Wednesday, February 9, 2022
Department of Elementary and Secondary Education (DESE) Commissioner Jeffrey C. Riley announced today the statewide mask requirement for K-12 schools will be lifted on February 28. At that time, DESE and the Department of Public Health recommend students and faculty wear masks in certain scenarios consistent with DESE’s COVID protocols.
The decision was made in consultation with infectious disease physicians, the Massachusetts Department of Public Health, and other medical experts. Vaccinations are the best protection against COVID-19, and Massachusetts has among the highest vaccination rates of young people and is a national leader in overall vaccination. In Massachusetts, 52 percent of all individuals who are fully vaccinated have received a booster dose, compared to 42 percent of the national population.
Massachusetts also has nation-leading school testing programs, including a newly launched at-home testing program for students and educators. These testing options will remain in place.
“With Massachusetts a national leader in vaccinating kids, combined with our robust testing programs, it is time to lift the mask mandate in schools and give students and staff a sense of normalcy after dealing with enormous challenges over the past two years,” said Governor Charlie Baker. “We have all the tools to keep schools safe as we move into dealing with the next phase of managing COVID.”
“Schools are safe environments, most children now have had access to vaccinations that greatly reduce the risk for severe disease for several months, and thousands of families across the Commonwealth have taken this opportunity to protect their children,” said Lt. Governor Karyn Polito. “This is the right time to lift the mask mandate, and we will continue to encourage vaccination and host clinics at any school that wants to hold one to further protect their students from COVID.”
The Department of Early Education and Care will also lift the mask requirements currently in place for all licensed child care providers effective February 28, and allow programs to develop policies specific to the children they serve. The Department of Early Education and Care will release additional guidance for programs next week.
With the lifting of the statewide mask requirement, school districts no longer need to request a waiver from DESE to remove masks in school buildings where 80 percent of staff and students are vaccinated. Masking will be a community choice in schools across the Commonwealth, regardless of vaccination rates within a school; however, a school district could establish a local requirement. Many schools across the Commonwealth have already reached the vaccination benchmark and requested permission to remove masks. To date, DESE has received 68 requests from schools that submitted attestations that 80 percent of their students and staff are vaccinated. The Department has approved 42 requests and is in the process of reviewing another 21 requests before the statewide requirement ends.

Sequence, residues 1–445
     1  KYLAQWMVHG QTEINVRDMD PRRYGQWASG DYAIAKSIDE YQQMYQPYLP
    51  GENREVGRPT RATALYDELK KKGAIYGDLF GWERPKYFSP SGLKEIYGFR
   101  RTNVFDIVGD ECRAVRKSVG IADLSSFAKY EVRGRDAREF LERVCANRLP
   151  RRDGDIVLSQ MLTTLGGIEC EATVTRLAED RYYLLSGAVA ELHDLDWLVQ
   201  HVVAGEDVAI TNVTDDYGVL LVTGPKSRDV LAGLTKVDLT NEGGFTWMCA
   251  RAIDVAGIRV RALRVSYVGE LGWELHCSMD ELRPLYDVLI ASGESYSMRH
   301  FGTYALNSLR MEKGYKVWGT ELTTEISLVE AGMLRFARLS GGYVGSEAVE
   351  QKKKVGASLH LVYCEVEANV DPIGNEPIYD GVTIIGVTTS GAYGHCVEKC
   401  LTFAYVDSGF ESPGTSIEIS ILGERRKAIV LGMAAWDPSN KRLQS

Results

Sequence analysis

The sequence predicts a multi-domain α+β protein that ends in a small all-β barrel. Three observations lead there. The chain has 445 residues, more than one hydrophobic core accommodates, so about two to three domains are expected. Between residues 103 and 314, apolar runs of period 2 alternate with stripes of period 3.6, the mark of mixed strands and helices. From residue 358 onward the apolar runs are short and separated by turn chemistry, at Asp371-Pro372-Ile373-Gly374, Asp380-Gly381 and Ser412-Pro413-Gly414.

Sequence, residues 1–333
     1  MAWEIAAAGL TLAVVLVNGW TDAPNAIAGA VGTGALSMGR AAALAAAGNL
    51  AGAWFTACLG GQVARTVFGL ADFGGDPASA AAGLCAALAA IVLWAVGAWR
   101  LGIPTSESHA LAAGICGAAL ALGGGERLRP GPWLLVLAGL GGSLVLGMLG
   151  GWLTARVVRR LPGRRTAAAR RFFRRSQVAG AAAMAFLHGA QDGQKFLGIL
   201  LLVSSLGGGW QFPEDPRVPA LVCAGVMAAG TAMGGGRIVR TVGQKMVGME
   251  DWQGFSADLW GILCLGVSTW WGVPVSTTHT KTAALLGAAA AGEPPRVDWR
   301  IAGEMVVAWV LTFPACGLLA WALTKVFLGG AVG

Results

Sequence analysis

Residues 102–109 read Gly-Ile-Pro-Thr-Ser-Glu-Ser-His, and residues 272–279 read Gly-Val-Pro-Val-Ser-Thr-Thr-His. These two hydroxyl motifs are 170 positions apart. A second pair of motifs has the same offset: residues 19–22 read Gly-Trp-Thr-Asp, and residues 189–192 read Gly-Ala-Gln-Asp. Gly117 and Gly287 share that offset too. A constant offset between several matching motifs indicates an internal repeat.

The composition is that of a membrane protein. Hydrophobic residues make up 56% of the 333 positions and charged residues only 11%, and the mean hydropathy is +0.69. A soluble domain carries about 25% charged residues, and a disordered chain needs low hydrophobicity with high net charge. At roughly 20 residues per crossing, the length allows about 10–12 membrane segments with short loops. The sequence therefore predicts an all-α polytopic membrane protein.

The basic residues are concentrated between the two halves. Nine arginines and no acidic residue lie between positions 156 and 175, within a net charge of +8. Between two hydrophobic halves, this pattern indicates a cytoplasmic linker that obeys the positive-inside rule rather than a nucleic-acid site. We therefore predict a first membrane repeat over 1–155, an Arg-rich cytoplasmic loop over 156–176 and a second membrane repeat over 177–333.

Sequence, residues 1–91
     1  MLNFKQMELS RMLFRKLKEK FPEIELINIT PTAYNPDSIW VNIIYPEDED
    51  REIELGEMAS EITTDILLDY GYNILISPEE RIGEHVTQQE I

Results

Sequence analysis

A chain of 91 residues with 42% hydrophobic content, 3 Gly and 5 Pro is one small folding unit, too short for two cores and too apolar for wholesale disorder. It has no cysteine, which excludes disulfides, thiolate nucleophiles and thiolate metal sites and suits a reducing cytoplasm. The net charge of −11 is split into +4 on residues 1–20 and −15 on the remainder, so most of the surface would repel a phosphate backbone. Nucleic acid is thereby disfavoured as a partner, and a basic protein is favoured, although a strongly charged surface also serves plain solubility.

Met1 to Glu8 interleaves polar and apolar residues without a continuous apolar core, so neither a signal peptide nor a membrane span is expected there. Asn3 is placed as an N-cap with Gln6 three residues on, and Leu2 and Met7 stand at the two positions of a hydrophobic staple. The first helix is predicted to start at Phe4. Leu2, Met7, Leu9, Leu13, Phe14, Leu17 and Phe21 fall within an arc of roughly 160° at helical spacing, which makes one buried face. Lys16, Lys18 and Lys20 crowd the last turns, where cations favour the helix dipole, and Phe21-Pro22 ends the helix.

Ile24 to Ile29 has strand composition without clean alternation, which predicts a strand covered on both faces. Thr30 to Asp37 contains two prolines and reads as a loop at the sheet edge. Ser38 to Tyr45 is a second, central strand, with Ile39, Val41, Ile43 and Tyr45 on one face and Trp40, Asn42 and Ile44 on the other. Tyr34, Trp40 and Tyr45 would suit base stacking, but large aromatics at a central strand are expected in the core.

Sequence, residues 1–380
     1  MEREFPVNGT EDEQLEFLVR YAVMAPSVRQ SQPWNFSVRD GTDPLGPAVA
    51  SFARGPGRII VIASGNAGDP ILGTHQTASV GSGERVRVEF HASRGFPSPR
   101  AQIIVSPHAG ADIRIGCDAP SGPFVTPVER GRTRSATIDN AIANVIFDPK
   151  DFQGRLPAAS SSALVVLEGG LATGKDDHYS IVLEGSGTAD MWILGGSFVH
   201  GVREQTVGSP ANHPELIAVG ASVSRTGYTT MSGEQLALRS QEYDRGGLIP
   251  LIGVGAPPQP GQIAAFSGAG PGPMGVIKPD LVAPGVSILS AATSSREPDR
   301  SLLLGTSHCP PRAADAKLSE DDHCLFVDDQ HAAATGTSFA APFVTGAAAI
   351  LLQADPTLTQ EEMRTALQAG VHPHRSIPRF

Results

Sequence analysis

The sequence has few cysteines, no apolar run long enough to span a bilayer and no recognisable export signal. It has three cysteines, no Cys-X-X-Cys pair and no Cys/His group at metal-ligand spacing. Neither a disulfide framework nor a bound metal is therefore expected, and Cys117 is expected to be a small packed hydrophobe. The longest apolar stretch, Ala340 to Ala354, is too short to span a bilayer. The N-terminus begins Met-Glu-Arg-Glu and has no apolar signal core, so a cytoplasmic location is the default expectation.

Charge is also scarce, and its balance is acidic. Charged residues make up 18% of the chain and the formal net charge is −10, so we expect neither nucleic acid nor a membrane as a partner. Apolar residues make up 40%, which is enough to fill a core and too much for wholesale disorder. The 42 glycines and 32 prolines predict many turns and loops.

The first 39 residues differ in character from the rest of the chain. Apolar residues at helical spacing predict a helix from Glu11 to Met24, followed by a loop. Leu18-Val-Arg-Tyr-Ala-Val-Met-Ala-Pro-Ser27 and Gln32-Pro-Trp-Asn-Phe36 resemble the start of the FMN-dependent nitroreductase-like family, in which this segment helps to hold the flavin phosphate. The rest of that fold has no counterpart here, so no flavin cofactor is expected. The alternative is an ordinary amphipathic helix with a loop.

“In a state with one of the highest vaccine acceptance rates in the country, and the state with the second highest vaccination rates among 5- to 11-year-olds, we must navigate the careful transition into opening up our society while simultaneously employing public health mitigation strategies. We are moving from mask requirement to mask optional, and we want school districts to move along with the state by making it optional, while still creating supportive environments for students and staff who choose to wear a mask,” said Education Secretary James Peyser.
Several other states, including Connecticut, New Jersey, Pennsylvania, and Delaware, have rescinded their school mask requirements in recent days.
The state’s nation-leading, robust school testing programs will remain in place. Last month, DESE and DPH launched updated school COVID-19 testing options, including providing participating teachers and staff with at-home rapid tests weekly, to optimize in-person learning. The two departments also released updated data on the pooled testing and Test and Stay programs, showing very few positive cases and low transmission rates.
With more than 2,000 public and private schools in the Commonwealth participating in COVID-19 testing, DESE and DPH have gathered robust data about the prevalence of COVID-19 in schools that clearly illustrates schools are safe environments for teaching and learning. Schools are one of the few types of settings in the state where individuals are tested on a regular basis.
Data collected over the past few months from the Test and Stay program is compelling around what it reveals about school safety. Students and staff individually identified as asymptomatic close contacts and repeatedly tested in school through Test and Stay test negative more than 90 percent of the time. As of January 9, 503,312 Test and Stay tests had been conducted; 496,440 of them were negative (almost 99 percent).
“During the past two years, the impact of COVID-19 on children has caused a strain on their mental health, emotional well-being and academic success. We are relieved to now be in a place where we can provide young people additional relief from COVID-19 restrictions so they can continue to return to normalcy in the classroom,” said Commissioner Riley.
Masking continues to be required on all school buses, per federal order.
In August, the Board of Elementary and Secondary Education gave the commissioner the authority to require masks for public school staff and students (ages 5 and above) in all grades through at least October 1, 2021. The commissioner used his authority to extend the requirement three times.